Hezbollah fighters on Tuesday attacked an Israeli convoy with a roadside bomb planted inside Israeli territory, injuring two soldiers and triggering concerns that the Iran-backed terror group may be shifting its posture toward the Jewish state and risking a deterioration along the Israel-Lebanon border.
The attack - which was quickly claimed
by Hezbollah - follows a Sunday incident in which IDF soldiers opened fire
on what seems to have been a cross-border infiltration attempt from Lebanon. It marked the first time that the Shiite organization had taken credit for an attack since last March.
Subsequent months had seen Hezbollah deepen its involvement in the Syrian conflict, to the point where its fighting for the Bashar al-Assad regime has now become a matter of open boasting
for Iranian military leaders. Most analysts nonetheless consider Hezbollah's involvement in the region's over-three-year conflict - involvement which has among other things dragged Lebanon into the Syrian war
and brought Hezbollah's fighters into Iraq
- to have stressed its resources. The organization remains capable of saturation bombing and perhaps even invading Israeli population centers - a summer analysis by Israeli military analyst Amos Harel sketched out multiple scenarios
- but Hezbollah leaders are widely thought to be uninterested in a near-term escalation with Jerusalem. Analysts suggested that the group's willingness to nonetheless risk a security deterioration was part of an effort to relieve pressure on the group. Veteran Arab affairs journalist Avi Issacharoff suggested that
Hezbollah was seeking to brush back Israeli efforts at interdicting advanced weapons, which Hezbollah has been smuggling out of Syria and stockpiling in preparation for a future conflagration against Israel. Israeli Prime Minister Benjamin Netanyahu on Tuesday contextualized the incident against the backdrop of the regional crisis, telling the country's cabinet
that "we are witness to threats accumulating around us" and committing Israel to "respond with force against any attempt to attack" the Jewish state. Various organs of the Israeli government were explicit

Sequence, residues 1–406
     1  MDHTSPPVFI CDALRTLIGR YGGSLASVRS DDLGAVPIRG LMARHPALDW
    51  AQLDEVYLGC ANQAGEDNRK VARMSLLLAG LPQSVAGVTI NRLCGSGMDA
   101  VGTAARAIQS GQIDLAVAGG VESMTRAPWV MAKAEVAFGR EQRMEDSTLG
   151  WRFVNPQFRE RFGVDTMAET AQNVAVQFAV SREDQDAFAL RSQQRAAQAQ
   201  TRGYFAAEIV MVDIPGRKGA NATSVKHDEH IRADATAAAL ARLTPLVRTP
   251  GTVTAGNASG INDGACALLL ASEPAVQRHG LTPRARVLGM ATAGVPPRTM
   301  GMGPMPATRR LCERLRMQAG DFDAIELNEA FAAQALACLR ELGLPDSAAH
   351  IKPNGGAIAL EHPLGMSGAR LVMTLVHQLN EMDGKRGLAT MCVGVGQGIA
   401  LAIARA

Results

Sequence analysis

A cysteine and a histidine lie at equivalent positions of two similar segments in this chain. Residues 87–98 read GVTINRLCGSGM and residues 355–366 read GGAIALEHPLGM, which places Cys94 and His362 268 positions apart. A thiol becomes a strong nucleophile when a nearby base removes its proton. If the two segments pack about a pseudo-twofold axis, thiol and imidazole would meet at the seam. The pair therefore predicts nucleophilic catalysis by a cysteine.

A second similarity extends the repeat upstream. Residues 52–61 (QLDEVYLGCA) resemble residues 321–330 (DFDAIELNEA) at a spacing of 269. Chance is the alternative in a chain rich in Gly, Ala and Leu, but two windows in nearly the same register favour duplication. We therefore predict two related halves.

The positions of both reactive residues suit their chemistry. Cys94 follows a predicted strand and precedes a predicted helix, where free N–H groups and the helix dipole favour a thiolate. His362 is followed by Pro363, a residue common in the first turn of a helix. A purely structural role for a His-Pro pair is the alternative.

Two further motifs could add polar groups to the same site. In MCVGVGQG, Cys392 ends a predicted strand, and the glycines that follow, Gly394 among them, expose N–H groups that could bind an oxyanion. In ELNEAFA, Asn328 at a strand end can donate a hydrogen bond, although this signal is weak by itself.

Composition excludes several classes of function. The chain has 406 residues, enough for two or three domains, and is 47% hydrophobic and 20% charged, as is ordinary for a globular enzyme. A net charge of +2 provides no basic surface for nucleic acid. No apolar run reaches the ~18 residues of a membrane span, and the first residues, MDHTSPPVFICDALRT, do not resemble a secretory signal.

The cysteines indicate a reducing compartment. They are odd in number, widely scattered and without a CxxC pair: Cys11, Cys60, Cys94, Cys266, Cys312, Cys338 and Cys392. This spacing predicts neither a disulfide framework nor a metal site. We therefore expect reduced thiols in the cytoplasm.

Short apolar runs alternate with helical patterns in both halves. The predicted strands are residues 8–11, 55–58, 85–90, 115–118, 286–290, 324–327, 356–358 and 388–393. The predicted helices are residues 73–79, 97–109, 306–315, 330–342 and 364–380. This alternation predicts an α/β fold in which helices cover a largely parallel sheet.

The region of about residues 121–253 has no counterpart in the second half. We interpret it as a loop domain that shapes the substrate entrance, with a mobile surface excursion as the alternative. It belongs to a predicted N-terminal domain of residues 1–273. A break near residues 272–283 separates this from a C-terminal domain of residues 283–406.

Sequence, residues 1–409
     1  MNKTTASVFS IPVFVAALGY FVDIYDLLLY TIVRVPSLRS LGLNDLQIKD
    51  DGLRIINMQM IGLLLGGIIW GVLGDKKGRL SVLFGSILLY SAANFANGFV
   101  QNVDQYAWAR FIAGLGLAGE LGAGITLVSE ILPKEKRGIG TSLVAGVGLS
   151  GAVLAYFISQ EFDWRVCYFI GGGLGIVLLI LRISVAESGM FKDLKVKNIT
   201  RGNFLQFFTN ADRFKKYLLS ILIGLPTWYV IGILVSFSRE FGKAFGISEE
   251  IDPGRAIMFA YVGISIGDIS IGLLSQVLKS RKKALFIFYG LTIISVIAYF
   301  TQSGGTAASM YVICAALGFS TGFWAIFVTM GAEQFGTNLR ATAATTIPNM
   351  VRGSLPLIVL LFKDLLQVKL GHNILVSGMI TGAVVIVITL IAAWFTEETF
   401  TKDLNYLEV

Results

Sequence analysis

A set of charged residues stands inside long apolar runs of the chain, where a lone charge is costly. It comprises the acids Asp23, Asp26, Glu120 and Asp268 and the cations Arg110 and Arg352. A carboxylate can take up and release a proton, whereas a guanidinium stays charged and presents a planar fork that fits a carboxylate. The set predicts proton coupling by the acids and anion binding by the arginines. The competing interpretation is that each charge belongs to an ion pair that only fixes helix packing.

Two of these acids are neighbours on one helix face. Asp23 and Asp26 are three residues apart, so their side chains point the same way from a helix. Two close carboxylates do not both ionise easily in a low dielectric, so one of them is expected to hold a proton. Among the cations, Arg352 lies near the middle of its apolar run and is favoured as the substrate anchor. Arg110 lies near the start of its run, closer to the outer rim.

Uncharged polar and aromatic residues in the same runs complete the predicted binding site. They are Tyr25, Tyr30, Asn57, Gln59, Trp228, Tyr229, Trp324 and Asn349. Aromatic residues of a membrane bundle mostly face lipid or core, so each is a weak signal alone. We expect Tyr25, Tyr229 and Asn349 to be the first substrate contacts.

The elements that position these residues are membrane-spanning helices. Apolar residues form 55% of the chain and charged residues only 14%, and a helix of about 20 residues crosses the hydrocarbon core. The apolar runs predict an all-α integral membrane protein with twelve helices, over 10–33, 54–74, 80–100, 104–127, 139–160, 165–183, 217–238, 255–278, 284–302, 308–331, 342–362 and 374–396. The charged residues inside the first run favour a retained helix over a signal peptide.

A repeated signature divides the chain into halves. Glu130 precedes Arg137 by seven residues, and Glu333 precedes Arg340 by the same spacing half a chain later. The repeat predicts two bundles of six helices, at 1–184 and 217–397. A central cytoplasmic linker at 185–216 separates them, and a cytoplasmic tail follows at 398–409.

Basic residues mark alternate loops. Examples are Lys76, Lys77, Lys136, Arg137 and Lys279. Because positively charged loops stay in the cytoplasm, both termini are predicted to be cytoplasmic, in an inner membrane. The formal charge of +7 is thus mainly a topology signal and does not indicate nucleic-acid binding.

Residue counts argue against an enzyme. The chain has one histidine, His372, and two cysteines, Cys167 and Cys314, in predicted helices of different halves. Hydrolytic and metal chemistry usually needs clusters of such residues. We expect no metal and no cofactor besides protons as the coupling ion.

in holding the Lebanese government accountable for attacks originating in its sovereign territory.
In response to urgent pleas from the United Nations, the World Health Organization, the US government and other countries, Israel is sending more than a million shekels’ worth of medical equipment, as well as expert personnel to fight the spread of the African Ebola epidemic that has claimed 3,400 lives since March and has infected almost 7,200 people. Earlier this week, Israel’s Defense Ministry told the US and UN that it could not fulfill a request to send IDF field hospitals to Liberia and Sierra Leone, out of concern for the safety of Israeli health workers. MASHAV-Israel’s Agency for International Development Cooperation of the Foreign Ministry-is answering a different but just as pressing need: prevention. Within the next two weeks, MASHAV will ship three mobile emergency Ebola treatment units, equipped to handle the first cases that may be discovered, to the three countries deemed at highest risk of infection. Those countries will be selected in conjunction with the Ministry of Health. Each 10-bed unit will be accompanied by an Israeli team including technicians to construct them and train local personnel how to run them, and a doctor and a nurse under the auspices of the Health Ministry. They will train their African counterparts to educate at-risk populations on how to prevent the spread of the disease. Israeli Ambassador to the United Nations Ron Prosor told a Security Council in September that just as Israel answered the call for humanitarian aid in Haiti, Ghana and the Philippines, “Israel is ready for the new challenge standing before the world, and has started providing funds and medical equipment.” (via Israel21c)